Drugs in Organised Sport

 “Blood doping is a logical outcome of a sport where people push themselves to death for the enjoyment of fans and benefit of sponsors. Of the seventy top ten finishers in Armstrong’s seven Tour De France victories, forty-one have tested positive for PEDS. [Preformance Enhancing Drugs]”[1]

Joel Cosgrove

David Boon was reputed to have drunk 52 beers on the flight from Sydney to London in 1989

Within any discussion of modern day sport, the question of drugs comes up repeatedly. It is difficult to really get beyond the initial discussion: for, against, or on-the-fence, in regards to either the problem or the solution.
The reality is that since ancient times, strategies and theories have been developed in order to get an edge. While using magic mushrooms or whisky as performance enhancing aids might seem comical to the modern reader, they form part of a process that has led to academic Tony Schirato to describe as “…replacing this [pre-modern sport with] a level of professionalism, specialization, bureaucratization, and secularism never before seen in sport”.[2]Like every other part of human existence, capitalism has fundamentally changed the way we see organised sport.

Why the discussion concerning drug taking in sport? The reason behind this is the pursuit of victory, of winning and the lengths people will go, the damage they will endure to ‘win’. The question of the appropriateness of modern organised sport is a topic in its own right, but is also intertwined to an extent with this discussion. But nonetheless the quest for an advantage (the top 2 inches) has become heightened with the growing value and pressure now associated with professional sport.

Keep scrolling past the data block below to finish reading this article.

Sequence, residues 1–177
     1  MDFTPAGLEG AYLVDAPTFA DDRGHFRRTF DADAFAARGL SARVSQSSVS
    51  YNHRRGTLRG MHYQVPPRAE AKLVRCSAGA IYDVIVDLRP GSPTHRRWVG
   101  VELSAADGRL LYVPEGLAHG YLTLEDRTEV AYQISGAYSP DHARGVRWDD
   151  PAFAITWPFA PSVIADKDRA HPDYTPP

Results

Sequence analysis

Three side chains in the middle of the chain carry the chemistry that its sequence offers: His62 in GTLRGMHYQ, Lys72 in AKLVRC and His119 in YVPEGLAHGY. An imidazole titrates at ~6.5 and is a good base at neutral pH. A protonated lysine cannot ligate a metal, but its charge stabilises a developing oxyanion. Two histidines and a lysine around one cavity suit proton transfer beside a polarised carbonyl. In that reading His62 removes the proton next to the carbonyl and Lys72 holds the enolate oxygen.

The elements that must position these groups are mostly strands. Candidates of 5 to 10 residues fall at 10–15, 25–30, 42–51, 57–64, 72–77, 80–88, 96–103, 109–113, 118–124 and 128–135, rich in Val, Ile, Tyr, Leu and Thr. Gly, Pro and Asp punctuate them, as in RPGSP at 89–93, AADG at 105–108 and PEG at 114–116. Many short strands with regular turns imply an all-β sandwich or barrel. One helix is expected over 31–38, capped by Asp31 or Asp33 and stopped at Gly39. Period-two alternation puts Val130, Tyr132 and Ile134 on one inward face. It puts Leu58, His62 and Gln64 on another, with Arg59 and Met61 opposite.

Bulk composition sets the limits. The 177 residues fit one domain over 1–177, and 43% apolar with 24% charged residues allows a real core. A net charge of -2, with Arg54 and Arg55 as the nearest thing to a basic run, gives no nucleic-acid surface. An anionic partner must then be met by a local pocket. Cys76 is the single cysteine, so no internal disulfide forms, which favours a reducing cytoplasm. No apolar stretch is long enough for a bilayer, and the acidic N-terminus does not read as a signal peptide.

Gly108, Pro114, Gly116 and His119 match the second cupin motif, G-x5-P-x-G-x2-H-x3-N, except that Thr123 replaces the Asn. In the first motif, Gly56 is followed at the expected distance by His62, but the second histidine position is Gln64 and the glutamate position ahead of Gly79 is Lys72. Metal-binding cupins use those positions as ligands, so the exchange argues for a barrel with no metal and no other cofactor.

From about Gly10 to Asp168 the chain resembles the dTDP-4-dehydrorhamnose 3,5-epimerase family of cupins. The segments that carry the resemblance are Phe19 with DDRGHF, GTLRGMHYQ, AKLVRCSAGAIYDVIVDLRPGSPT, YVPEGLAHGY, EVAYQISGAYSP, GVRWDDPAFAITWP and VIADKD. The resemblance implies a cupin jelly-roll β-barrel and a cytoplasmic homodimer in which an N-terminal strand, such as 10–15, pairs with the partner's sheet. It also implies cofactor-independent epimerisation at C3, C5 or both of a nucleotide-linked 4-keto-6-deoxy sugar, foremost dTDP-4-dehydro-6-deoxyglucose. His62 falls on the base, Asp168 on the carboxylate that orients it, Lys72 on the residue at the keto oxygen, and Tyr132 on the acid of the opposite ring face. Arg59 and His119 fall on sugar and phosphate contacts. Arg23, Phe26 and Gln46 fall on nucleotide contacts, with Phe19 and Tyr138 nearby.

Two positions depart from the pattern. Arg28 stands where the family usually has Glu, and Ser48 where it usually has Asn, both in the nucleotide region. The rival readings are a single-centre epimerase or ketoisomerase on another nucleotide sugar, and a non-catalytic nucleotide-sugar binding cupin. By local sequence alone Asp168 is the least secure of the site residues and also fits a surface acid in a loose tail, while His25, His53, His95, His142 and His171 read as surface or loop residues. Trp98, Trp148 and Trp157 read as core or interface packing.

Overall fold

Popular socialist sports writer Dave Zirin has said that:

[The] fault… lies with a system that both elevates and debases sporting superstars, turning them into something not quite human. Star athletes have become corporations with legs: branded with logos and slogans, and supporting an entire apparatus of advisers and hangers-on. Jones became a one-woman multinational corporation after her 2000 Olympic triumph: the feet of Nike, the face of Oakley Sunglasses, the wrist of TAG Heuer watches.[3]

He has also drawn attention to sportspeople individually taking the responsibility and the risk involved in taking performance enhancing drugs, with the various corporate entities profiting immensely off their achievements and taking little or no responsibility for the consequences when things go wrong.
The reality is that whether it is admitted or not. Technology in the form of performance enhancing drugs or equipment drives the pursuit of victory. Whether it is in the form of new swimsuits, golf clubs or undetectable performance boosting supplements.

Jesse Ryder’s neighbours reported him to the press for drinking at home

On the question of fairness. It is difficult to single out drugs from a wide variety of technologies that supplement and enhance the performance of athletes. Caffeine was only recently taken of the International Olympic Committee’s drug list. The reality is that over the last 40 years the development of athletes has become much more standardised. With many being spotted and ‘developed’ in their teens.